Profile-based social networking servicesProfile-based services are primarily organised around members’ profile pages – pages that mainly consist of information about an individual member, including the person’s picture and details of interests, likes and dislikes. Bebo, Facebook and MySpace are all good examples of profile-based services.
Users develop their spaces in various ways, and can often contribute to each other’s spaces, typically leaving text, embedded content or links to external content through message walls, comment or evaluation tools. Users often include third-party content (in the form of widgets) to enhance their profiles or as a way of including information from other web services and social networking services. Content-based social networking services
In these services, the user’s profile remains an important way of organising connections, but plays a secondary role to the posting of content. Photo-sharing site Flickr
is an example of this type of service, one in which groups and comments are based around pictures. Many people have empty Flickr accounts and signed up to the service to view their friends’ or family’s permission-protected pictures. Shelfari
is one of the current crop of book-focused sites, with the member’s “bookshelf” being a focal point of each member’s profile.
Other examples of content-based communities include YouTube.com for video sharing and last.fm, in which the content is arranged by software that monitors and represents the music that users listen to. In last.fm, content is generated by the user’s activity. The act of listening to audio files creates and updates profile information (“recently listened to”). This in turn generates data about an individual user’s “neighbours” – people who have recently listened to the same kind of music. White-label social networking services
Most social networking services offer some group-building functionality, which allows users to form mini-communities within sites.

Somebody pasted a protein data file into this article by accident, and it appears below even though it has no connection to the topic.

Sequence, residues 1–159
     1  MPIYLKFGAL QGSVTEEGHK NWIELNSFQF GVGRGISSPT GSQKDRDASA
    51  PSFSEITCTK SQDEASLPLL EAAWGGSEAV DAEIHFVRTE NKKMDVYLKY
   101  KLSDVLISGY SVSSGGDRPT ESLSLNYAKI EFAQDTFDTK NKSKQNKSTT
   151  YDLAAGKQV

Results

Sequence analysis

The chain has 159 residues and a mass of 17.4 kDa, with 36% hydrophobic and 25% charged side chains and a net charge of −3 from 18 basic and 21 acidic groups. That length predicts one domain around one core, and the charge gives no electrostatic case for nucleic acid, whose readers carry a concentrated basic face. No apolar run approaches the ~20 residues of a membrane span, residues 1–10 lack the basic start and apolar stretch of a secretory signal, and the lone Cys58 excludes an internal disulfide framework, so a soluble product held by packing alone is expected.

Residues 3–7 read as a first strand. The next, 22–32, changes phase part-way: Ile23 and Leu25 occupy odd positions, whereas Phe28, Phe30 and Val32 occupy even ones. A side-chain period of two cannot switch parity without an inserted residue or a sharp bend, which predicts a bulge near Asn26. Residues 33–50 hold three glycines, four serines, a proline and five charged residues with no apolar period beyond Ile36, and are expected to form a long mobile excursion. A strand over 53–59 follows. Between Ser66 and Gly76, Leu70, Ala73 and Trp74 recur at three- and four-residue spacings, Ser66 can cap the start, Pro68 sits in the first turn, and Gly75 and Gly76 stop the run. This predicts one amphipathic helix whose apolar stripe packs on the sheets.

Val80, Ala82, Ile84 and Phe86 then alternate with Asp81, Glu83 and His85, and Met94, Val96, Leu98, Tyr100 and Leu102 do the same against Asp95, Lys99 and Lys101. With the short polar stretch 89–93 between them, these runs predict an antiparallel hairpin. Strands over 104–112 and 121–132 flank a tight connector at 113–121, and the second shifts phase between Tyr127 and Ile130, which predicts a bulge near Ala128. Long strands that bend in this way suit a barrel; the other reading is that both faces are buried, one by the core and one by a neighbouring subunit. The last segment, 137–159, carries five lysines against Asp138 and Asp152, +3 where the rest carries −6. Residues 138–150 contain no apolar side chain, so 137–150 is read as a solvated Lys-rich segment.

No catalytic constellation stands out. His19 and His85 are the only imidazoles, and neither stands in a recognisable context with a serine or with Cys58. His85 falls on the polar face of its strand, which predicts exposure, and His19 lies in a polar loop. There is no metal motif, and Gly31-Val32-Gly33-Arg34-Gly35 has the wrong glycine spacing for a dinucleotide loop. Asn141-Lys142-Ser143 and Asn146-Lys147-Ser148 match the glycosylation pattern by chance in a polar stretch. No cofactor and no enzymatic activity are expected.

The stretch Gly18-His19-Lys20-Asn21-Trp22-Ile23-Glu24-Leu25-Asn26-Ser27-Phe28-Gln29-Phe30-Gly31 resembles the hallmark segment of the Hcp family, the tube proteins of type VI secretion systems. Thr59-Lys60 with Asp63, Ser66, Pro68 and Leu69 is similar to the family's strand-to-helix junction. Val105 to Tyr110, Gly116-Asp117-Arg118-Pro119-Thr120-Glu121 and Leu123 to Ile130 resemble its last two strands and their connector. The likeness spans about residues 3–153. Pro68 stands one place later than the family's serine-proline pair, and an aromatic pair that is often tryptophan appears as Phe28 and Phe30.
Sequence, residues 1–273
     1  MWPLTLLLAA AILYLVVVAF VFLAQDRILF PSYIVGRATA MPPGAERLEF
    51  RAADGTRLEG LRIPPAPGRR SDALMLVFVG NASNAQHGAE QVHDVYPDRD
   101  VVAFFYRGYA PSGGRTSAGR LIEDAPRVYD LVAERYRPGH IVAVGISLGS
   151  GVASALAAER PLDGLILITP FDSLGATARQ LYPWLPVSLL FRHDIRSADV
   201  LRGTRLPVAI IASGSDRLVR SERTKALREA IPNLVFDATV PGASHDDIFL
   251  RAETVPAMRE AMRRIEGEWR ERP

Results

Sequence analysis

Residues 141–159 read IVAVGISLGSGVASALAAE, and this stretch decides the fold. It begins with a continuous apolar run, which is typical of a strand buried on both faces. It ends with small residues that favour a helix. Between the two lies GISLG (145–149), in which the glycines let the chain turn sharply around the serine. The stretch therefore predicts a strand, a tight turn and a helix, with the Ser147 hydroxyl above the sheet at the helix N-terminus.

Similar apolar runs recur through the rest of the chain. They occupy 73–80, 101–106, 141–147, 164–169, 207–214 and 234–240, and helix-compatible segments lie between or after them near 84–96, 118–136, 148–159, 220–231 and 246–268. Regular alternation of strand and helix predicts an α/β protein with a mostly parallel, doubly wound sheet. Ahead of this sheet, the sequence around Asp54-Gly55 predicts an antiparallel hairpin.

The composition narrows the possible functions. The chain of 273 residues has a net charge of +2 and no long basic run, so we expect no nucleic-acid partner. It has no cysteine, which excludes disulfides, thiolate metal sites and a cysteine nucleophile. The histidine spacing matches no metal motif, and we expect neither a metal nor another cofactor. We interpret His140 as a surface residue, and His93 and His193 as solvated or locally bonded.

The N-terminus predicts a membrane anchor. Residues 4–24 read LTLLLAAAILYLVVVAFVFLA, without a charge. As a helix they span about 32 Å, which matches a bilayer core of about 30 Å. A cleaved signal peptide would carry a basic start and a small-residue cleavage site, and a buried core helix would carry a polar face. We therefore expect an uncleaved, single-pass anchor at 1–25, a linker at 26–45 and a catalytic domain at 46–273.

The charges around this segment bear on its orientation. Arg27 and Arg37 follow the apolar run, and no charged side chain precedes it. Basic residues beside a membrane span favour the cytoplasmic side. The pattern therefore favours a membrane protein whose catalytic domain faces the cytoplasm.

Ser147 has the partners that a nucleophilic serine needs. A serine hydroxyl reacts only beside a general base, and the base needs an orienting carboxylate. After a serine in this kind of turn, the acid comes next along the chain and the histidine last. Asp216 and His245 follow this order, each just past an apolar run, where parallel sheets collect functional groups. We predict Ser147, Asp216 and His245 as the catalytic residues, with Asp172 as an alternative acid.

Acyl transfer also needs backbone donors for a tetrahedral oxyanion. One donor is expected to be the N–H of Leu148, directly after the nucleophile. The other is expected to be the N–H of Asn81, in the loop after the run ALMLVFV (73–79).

Platforms such as PeopleAggregator
, which launched in 2004, offer members a different model. These sites offer members the opportunity to create and join communities. Users can create their own “mini-MySpaces”– small-scale social networking sites that support specific interests, events or activities. Setting up and running a social networking service also means increased responsibility and liability of the creator or host for on-site activity.
These sites offer members the opportunity to create and join communities – this means that users can create their own “mini-MySpace’s”, small scale, personalised social networking sites about whatever the creator wants them to be about. Multi-user virtual environments
Sites such as Second Life
and World of Warcraft
– online virtual environments – allow users to interact with each other’s avatars. (An avatar is a virtual representation of the site member.) Although the users have profile cards, their functional profiles are the characters they customise or build and control. Friends lists are usually private and not publicly shared or displayed. Mobile social networking services
Many social networking sites, for example MySpace
, offer mobile phone versions of their services, allowing members to interact with their friends via their phones. Increasingly, too, there are mobile-led and mobile-only communities, which include profiles and media-sharing just as with web-based social networking services. MYUBO
, for example, allows users to share and view video over mobile networks Micro-blogging/presence updates
Micro-blogging services such as Twitter
allow you to publish short (140 characters, including spaces) messages publicly or within contact groups. These services are designed to work as mobile services, but are popularly used on the web as well.
Many services offer status updates – short messages that can be updated to let people know what mood you are in or what you are doing. These can be checked within the site, read as text messages on phones, or exported to be read or displayed elsewhere. They engage users in constantly updated conversation and contact with their online networks. Social search
Social search engines are an important web development which utilise the popularity of social networking services. There are various kinds of social search engine, but sites like Wink
generate results by searching across the public profiles of multiple social networking sites, allowing the creation of web-based dossiers on individuals. This type of people search cuts across the traditional boundaries of social networking site membership, although any data retrieved should already be in the public domain. What do people do in Social Networking Sites?
- Communicating with existing networks, making and developing friendships/contacts
- Represent themselves online, create and develop an online presence
- Viewing content/finding information
- Creating and customising profiles
- Authoring and uploading content
- Adding and sharing content
- Posting messages – public & private
- Collaborating with other people